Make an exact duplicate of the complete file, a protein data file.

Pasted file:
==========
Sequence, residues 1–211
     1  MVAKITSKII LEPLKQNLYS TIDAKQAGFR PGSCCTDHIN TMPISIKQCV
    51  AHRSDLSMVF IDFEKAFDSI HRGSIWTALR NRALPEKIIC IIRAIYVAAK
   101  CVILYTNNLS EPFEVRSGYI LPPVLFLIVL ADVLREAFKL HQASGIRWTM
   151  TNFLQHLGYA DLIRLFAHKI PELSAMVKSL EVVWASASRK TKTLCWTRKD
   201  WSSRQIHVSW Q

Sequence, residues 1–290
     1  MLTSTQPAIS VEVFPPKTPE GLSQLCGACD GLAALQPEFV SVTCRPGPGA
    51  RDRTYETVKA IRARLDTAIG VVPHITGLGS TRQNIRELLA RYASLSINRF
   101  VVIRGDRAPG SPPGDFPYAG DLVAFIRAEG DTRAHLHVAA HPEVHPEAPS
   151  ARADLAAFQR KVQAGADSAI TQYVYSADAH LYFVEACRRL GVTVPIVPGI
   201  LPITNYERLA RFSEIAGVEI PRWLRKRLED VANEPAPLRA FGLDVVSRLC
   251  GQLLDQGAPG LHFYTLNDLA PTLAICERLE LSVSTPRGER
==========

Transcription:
Sequence, residues 1–211
     1  MVAKITSKII LEPLKQNLYS TIDAKQAGFR PGSCCTDHIN TMPISIKQCV
    51  AHRSDLSMVF IDFEKAFDSI HRGSIWTALR NRALPEKIIC IIRAIYVAAK
   101  CVILYTNNLS EPFEVRSGYI LPPVLFLIVL ADVLREAFKL HQASGIRWTM
   151  TNFLQHLGYA DLIRLFAHKI PELSAMVKSL EVVWASASRK TKTLCWTRKD
   201  WSSRQIHVSW Q

Sequence, residues 1–290
     1  MLTSTQPAIS VEVFPPKTPE GLSQLCGACD GLAALQPEFV SVTCRPGPGA
    51  RDRTYETVKA IRARLDTAIG VVPHITGLGS TRQNIRELLA RYASLSINRF
   101  VVIRGDRAPG SPPGDFPYAG DLVAFIRAEG DTRAHLHVAA HPEVHPEAPS
   151  ARADLAAFQR KVQAGADSAI TQYVYSADAH LYFVEACRRL GVTVPIVPGI
   201  LPITNYERLA RFSEIAGVEI PRWLRKRLED VANEPAPLRA FGLDVVSRLC
   251  GQLLDQGAPG LHFYTLNDLA PTLAICERLE LSVSTPRGER